The deal will pool together Moderna’s mRNA platform and Life Edit’s gene editing expertise, including an emerging, high-precision form of gene editing called base editing. The aim is to develop treatments or even cures for challenging genetic diseases; details on the specific indications are yet to be disclosed.
Some of the most advanced gene editing therapies involve extracting a patient’s cells, editing their genome in the lab, and returning them to the patient. One prominent example of this so-called ex vivo approach is exa-cel, a therapy developed by CRISPR Therapeutics and Vertex Pharmaceuticals in phase 3 testing for the treatment of sickle cell disease. In vivo gene editing therapies are a more recent form of the technology that is delivered directly into the patient. One of the most advanced in vivo gene editing therapies is Intellia Therapeutics’ NTLA-2001, which is in early clinical development for the treatment of transthyretin (ATTR) amyloidosis.
As part of the deal, Moderna and Life Edit will work together on the preclinical development of mRNA-based in vivo gene therapies. Moderna will bankroll this research, and can choose to take a candidate developed in the collaboration into further development and commercialization. In return, Life Edit will receive an undisclosed upfront payment in addition to developmental milestone payments and royalties on any therapies commercialized from the collaboration.
"At Moderna Genomics, we are constantly working to accelerate new therapeutic targets that may one day lead to the next generation of transformative mRNA medicines for patients," stated Eric Huang, general manager and chief scientific officer at Moderna Genomics. "Through our collaboration with Life Edit, we hope to harness the power of gene editing technologies as part of our broader research and development engine, helping to advance our mission and deliver on the promise of mRNA."
mRNA therapeutics are single-stranded ribonucleic acid molecules that allow complex biologic drugs to be produced in the patient’s own body instead of in a traditional factory setting. The technology has been in development for decades, and it proved its potential as a way to deliver vaccines against COVID-19. The rival mRNA giants Moderna and BioNTech in particular gained worldwide recognition for commercializing their COVID-19 vaccine candidates in record time in 2020.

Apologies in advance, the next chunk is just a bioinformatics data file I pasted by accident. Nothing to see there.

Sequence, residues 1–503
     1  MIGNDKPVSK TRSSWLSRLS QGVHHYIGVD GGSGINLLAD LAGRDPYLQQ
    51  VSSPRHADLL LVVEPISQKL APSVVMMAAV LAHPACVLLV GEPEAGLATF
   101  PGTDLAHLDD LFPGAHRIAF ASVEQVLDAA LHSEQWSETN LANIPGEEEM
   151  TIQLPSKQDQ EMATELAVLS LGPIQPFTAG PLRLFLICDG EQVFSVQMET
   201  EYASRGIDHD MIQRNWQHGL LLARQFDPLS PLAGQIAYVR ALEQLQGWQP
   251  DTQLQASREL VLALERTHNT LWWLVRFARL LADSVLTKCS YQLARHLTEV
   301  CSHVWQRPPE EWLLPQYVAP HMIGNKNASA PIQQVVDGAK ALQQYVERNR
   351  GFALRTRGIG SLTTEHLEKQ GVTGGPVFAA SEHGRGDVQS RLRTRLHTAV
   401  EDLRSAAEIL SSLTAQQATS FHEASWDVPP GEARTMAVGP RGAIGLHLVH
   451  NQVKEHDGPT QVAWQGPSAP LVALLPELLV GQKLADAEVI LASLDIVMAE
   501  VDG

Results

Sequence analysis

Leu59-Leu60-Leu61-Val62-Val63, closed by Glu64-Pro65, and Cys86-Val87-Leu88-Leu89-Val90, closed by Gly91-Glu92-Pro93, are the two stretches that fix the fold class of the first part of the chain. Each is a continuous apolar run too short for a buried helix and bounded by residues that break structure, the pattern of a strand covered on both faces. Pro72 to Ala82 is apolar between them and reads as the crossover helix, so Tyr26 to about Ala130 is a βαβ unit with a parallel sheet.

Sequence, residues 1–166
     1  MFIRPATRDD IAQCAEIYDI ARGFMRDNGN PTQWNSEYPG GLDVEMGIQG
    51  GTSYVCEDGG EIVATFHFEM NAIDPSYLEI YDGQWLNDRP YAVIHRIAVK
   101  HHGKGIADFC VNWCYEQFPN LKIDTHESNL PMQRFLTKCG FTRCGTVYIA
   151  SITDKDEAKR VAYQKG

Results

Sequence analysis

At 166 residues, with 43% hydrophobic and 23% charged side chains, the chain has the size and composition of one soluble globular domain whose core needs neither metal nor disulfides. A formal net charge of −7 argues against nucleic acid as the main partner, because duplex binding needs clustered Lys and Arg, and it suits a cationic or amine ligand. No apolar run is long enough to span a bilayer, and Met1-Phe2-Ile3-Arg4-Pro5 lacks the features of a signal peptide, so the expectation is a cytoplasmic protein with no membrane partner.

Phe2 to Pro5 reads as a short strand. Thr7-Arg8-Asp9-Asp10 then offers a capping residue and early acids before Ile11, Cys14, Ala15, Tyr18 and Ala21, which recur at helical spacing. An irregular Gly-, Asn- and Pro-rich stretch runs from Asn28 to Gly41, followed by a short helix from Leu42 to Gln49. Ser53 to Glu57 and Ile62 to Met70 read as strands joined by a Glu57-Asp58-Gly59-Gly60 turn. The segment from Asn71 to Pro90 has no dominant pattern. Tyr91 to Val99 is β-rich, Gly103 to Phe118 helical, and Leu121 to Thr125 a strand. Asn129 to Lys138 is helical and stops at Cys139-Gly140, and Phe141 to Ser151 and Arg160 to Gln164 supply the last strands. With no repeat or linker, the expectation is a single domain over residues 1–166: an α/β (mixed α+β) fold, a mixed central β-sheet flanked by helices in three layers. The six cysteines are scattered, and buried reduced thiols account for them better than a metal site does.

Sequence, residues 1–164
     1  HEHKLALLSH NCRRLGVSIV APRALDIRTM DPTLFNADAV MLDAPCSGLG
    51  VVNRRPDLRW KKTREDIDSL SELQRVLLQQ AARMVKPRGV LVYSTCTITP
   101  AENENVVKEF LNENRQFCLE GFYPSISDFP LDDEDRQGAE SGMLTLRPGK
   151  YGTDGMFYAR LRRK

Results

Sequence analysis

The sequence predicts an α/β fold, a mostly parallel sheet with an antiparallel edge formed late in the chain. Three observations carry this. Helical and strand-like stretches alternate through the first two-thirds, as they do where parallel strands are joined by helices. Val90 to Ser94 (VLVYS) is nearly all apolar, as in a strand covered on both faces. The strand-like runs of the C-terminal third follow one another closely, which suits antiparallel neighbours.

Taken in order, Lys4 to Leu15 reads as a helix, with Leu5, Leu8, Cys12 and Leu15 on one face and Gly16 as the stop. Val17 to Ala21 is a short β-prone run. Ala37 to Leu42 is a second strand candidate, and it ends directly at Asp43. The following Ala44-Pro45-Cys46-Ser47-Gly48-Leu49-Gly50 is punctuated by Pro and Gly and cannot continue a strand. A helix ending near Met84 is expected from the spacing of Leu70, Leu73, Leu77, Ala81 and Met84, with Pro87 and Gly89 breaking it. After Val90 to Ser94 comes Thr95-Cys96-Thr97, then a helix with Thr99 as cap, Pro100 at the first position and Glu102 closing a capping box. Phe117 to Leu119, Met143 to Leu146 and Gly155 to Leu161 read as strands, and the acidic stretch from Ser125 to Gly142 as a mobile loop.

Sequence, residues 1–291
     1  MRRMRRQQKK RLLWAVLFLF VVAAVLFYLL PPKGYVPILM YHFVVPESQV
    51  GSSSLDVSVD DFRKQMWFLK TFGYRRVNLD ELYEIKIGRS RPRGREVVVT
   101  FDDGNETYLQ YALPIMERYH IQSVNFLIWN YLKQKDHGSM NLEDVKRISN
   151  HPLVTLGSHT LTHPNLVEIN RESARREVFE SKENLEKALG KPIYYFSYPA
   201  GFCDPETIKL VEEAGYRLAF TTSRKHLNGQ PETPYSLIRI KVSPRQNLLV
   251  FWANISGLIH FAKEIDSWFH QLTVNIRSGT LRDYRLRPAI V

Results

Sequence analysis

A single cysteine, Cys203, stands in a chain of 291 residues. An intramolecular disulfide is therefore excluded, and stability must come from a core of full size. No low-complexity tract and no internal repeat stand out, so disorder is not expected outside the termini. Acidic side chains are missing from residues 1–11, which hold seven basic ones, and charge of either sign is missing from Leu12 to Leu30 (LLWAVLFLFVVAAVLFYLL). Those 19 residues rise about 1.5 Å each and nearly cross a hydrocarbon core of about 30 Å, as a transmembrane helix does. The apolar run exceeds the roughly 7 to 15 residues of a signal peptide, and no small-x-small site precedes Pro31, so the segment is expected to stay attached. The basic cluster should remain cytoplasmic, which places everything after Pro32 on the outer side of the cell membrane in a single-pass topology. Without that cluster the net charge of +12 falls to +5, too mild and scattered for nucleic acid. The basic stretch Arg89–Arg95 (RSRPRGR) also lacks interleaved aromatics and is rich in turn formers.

The non-vaccine use of mRNA is also drawing big attention from investors. According to a recent analysis by GlobalData, if five of the leading mRNA therapeutic candidates reach the market, their combined sales could reach over $2 billion by 2028.
One common challenge for in vivo gene editing therapies is their delivery into the patient. For example, the genetic material encoding RNA-guided nucleases – proteins that snip the DNA at a specific location – tend to be larger than many delivery systems can carry. Life Edit Therapeutics, a portfolio company of ElevateBio, gets around this issue by producing RNA-guided nucleases that are smaller than traditional nucleases, making them easier to deliver in vivo.
Other players in the biotech industry are also lining up to combine the potential of RNA with gene editing. In January 2022, Pfizer teamed up with Beam Therapeutics to develop in vivo mRNA base editing therapies for rare genetic diseases of the liver, muscle, and central nervous system. And this week, Brain Biotech inked a deal with Transcode Therapeutics to deliver a precise cancer-busting CRISPR nuclease into tumors using an RNA platform.